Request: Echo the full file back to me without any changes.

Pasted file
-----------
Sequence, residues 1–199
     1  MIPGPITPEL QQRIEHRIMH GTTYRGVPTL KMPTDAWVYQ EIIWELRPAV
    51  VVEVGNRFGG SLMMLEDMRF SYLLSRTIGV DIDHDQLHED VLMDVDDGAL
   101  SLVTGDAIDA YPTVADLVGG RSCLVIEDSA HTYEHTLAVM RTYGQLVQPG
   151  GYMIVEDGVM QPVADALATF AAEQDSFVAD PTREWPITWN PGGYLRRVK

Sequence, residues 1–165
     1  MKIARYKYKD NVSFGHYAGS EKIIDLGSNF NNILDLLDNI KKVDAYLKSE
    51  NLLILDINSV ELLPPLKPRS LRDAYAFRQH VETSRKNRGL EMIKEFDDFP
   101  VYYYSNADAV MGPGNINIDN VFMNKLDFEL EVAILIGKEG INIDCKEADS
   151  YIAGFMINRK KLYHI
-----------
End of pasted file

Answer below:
Sequence, residues 1–199
     1  MIPGPITPEL QQRIEHRIMH GTTYRGVPTL KMPTDAWVYQ EIIWELRPAV
    51  VVEVGNRFGG SLMMLEDMRF SYLLSRTIGV DIDHDQLHED VLMDVDDGAL
   101  SLVTGDAIDA YPTVADLVGG RSCLVIEDSA HTYEHTLAVM RTYGQLVQPG
   151  GYMIVEDGVM QPVADALATF AAEQDSFVAD PTREWPITWN PGGYLRRVK

Sequence, residues 1–165
     1  MKIARYKYKD NVSFGHYAGS EKIIDLGSNF NNILDLLDNI KKVDAYLKSE
    51  NLLILDINSV ELLPPLKPRS LRDAYAFRQH VETSRKNRGL EMIKEFDDFP
   101  VYYYSNADAV MGPGNINIDN VFMNKLDFEL EVAILIGKEG INIDCKEADS
   151  YIAGFMINRK KLYHI